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When Jenny asked me what I was doing later, I hesitated to answer. I knew there was no casual, comfortable way for me to say it, and this sister of mine has the quickest wit in the West. It’s one of the many things I admire about her. My only way out of this was to make fun of myself before handing over the baton. “I’m going to the symphony,” I said, but not the way a normal person might say it. The word “symphony” came out with mock upper-crustiness — nasally, with an emphasis on the first syllable. I paused dramatically before the word, so it was more like, “I’m going to the...SYM-phony.”

As expected, Jenny laughed. “Yeah, there’s no way to say, ‘I’m going to the symphony,’ without sounding pretentious,” she said.

I could count on two fingers how many times I’d been to the symphony before. The first was back in 1998, during the two years I lived in Los Angeles. A coworker took me to see the L.A. Philharmonic. We had great seats, right in front, but what I remember most was the sound of the music and how it enveloped me. Despite my positive experience, when it came to deciding what to do on any given Saturday night, I continued to opt for DJs over conductors. My second symphony was a decade later, when I surprised David for his birthday by taking him to the Boston Pops. A Boston transplant and once an audio engineer, David waxed poetic about the legendary acoustics of Boston Symphony Hall. The acoustics were impressive, for sure, but this was in December, so it was basically a lot of familiar Christmas music.

Now, seven years later, I was heading to the San Diego Symphony, thanks to my friend Kimberly, who’d arranged the double date when she learned of David’s fondness of classical music.

“I can’t say ‘symphony’ with a straight face,” I said as David stood behind me to fasten my necklace. “I feel like I need to say it in a royal British accent and add a disclaimer. Otherwise it feels like...I don’t know, like I’m playing dress-up, but really sucking at it. Why does the symphony sound pretentious?”

“Well, people who go to the symphony tend to be more affluent, and they tend to be older, which means they probably have more old-school values, which could be perceived as being stuffier. And they’re listening to antique music — most pieces performed were composed over 100 years ago. So I could see why younger people might think it’s just something old rich people do, and how they then might stereotype and think anyone who goes to the symphony is a snob. It’s a lot like wine. If you don’t know anything about it you might be afraid of looking stupid, so a natural protective mechanism would be to mock it instead.”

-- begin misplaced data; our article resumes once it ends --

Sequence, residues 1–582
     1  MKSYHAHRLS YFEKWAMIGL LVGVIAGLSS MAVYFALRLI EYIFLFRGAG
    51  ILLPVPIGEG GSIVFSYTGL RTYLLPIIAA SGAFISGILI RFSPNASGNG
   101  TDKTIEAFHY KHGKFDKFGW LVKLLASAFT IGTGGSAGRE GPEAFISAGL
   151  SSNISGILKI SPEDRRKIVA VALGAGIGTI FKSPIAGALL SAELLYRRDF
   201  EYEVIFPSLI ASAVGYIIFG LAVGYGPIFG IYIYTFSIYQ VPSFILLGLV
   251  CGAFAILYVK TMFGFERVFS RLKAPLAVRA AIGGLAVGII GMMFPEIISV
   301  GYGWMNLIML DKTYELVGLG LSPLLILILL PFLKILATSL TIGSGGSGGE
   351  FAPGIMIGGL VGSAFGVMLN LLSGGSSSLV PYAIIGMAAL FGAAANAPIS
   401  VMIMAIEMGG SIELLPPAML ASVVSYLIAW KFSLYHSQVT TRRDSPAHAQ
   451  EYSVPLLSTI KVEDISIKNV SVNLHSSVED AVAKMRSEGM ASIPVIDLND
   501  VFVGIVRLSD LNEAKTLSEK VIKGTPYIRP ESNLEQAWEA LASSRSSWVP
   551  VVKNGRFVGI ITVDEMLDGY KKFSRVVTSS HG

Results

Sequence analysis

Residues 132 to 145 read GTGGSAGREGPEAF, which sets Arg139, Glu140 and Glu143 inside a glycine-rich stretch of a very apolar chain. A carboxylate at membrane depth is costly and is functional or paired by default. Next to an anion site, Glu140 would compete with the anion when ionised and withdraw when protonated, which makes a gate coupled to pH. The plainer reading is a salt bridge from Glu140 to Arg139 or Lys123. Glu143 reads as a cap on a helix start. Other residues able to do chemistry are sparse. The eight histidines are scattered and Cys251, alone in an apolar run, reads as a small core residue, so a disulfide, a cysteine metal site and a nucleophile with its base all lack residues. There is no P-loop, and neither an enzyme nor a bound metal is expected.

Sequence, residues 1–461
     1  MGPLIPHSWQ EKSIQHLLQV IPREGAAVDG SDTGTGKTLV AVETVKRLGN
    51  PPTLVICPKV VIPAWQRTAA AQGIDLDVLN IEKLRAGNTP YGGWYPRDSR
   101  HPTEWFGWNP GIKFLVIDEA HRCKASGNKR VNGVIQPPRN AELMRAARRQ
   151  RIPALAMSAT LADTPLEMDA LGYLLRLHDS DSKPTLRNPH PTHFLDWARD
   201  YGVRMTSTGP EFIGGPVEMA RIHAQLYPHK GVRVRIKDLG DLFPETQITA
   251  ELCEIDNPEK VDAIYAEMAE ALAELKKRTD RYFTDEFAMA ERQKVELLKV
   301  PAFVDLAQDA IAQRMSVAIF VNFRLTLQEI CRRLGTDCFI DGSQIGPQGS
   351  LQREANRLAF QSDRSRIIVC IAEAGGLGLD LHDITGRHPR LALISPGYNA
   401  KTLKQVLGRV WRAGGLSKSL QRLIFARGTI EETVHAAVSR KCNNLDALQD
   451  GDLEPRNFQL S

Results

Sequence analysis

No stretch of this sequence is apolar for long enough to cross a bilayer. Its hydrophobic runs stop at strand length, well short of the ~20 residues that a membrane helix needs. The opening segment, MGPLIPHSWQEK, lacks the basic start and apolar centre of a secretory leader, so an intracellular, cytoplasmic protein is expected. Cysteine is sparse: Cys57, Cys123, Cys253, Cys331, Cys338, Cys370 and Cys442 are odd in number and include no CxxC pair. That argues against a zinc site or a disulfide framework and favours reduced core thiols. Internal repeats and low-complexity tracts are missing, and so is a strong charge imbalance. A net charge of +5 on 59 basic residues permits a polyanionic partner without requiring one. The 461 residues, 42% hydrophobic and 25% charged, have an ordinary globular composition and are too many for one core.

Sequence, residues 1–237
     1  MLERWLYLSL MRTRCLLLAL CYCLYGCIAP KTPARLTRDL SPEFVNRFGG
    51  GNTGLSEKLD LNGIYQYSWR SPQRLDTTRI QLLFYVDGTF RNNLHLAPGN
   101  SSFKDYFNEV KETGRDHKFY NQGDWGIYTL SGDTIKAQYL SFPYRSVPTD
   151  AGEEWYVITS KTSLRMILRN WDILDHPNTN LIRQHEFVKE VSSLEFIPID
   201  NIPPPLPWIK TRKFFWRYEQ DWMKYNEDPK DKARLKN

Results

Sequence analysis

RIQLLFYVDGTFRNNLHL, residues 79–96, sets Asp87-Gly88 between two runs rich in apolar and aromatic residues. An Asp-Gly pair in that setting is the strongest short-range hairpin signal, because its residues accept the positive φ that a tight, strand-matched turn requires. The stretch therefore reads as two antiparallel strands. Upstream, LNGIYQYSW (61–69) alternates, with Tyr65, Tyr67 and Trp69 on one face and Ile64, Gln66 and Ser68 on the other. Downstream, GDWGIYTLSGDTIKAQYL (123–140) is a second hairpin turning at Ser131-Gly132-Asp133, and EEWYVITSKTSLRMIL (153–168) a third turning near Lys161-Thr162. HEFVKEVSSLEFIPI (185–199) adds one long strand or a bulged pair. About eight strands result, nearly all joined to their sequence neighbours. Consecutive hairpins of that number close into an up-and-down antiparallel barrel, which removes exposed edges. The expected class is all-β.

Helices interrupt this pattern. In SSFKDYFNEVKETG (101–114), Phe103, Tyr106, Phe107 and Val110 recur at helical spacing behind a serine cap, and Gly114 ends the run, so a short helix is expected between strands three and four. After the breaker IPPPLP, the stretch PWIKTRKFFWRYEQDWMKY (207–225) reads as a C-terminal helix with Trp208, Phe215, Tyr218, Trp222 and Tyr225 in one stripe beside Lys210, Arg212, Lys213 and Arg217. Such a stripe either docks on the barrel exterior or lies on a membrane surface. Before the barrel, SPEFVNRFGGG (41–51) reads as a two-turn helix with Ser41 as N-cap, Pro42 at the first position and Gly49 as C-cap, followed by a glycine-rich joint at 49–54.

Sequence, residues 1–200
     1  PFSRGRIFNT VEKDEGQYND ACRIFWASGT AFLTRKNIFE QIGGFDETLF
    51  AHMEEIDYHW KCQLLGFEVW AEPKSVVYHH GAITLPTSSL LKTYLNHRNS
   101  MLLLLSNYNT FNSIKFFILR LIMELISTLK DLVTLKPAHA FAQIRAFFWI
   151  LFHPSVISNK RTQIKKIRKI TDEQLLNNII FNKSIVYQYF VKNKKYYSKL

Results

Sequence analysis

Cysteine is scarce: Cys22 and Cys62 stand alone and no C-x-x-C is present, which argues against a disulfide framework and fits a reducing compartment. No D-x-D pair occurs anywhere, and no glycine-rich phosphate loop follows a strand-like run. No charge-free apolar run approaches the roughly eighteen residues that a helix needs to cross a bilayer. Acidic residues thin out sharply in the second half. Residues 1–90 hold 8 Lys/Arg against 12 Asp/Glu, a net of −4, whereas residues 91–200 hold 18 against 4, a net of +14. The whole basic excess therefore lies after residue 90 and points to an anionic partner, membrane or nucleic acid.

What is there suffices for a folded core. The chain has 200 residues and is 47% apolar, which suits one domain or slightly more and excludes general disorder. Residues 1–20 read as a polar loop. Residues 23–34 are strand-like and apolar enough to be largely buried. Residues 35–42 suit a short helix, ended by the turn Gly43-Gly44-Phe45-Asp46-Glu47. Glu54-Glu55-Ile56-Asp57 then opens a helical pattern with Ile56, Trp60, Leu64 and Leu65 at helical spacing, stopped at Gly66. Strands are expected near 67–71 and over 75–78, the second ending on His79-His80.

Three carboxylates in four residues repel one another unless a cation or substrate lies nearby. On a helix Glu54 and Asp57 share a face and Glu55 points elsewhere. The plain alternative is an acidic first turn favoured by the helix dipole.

Inside the lobby at symphony hall was an ocean of blue hair. David pointed out a young girl of about 14 and joked, “There, it’s settled. You’re not the youngest one here.”

I was surprised, but relieved, to see that Snake Oil Cocktail Company was running the bar. I expected expensive-but-no-frills options, like vodka and tonic, not craft cocktails with bits of fresh fruit in them. The theater was packed. Who knew this many people went to the symphony? Sitting right in front of me was the little girl from the lobby, and her escort, an elderly gent in a suit who was around 80.

The lights dimmed and the orchestra began to play. The music was much softer than I remembered from my past experiences. If it were a stereo, I would have turned it up. I wondered if it was quieter in the back, where we were seated, or if I’m just hard of hearing. (David used to tell me that every time my ears rang after a concert, it meant I’d suffered permanent hearing loss.) Eventually, either the music grew louder or maybe I adjusted to the volume, and I began to relax.

I didn’t know what to do with my eyes. The conductor waved his arms around, but the musicians were seated, all calm and collected as they played those notes penned by a guy who died before light bulbs were a thing. I closed my eyes for a moment, but soon enough, my lids popped open and I was watching the crowd. Particularly, the two in front of me.

The little girl appeared as though she’d fallen asleep. The elderly gent — her mentor, who clearly wished to broaden this girl’s horizons by exposing her to the greats — looked distressed. He kept glancing down at her, an eager look in his eyes. He nudged her leg, then her arm. But this is the best part, I could hear him thinking, as each time he nudged, her lashes briefly parted and then fluttered back together again. Maybe she was tired. Maybe she was bored. Her small hand clutched a giant smartphone whose screen remained dark for the duration of the evening.

Video:

Arthur Rubinstein - Chopin Nocturne Op. 72, No. 1 in E minor

I related to that girl. I wanted to leave or check my phone or sleep. But later, after arriving home, I looked for my favorite Chopin piece. I loved it so much I learned to play it myself, on the electronic keyboard I haven’t touched in six years. It’s a dark, moody melody in a minor key. It made me think of raindrops on the window, and brows that furrow in preparation for tears that never come. It was yearning, it was hope; it was acceptance. I realized that the only reason the symphony hadn’t resonated with me is because I didn’t care for musical selections. If the orchestra had been playing Chopin, I would have been as eager as that old man to share the rapture with loved ones.

When David said he’d found a program he thought I’d like, scheduled for the end of the month, and asked me if I wanted to go, I did not hesitate. “Yes,” I said, “I’d love to return to the SYM-phony with you.”

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